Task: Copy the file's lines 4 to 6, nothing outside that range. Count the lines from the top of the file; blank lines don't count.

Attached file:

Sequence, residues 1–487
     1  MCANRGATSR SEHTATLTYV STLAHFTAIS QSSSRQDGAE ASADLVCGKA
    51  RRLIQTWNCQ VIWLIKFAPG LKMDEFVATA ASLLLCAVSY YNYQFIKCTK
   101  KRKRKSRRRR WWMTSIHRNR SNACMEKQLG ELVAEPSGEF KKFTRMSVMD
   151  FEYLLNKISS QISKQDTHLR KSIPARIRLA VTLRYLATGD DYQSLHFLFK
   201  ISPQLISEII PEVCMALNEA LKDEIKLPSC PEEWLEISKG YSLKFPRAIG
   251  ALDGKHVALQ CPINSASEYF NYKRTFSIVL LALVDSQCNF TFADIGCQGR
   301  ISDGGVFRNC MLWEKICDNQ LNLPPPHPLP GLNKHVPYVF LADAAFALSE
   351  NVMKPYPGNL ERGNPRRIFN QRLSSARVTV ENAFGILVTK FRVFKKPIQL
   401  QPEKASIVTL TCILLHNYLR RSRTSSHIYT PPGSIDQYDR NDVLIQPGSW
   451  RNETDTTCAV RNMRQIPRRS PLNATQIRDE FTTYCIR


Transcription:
   101  KRKRKSRRRR WWMTSIHRNR SNACMEKQLG ELVAEPSGEF KKFTRMSVMD
   151  FEYLLNKISS QISKQDTHLR KSIPARIRLA VTLRYLATGD DYQSLHFLFK
   201  ISPQLISEII PEVCMALNEA LKDEIKLPSC PEEWLEISKG YSLKFPRAIG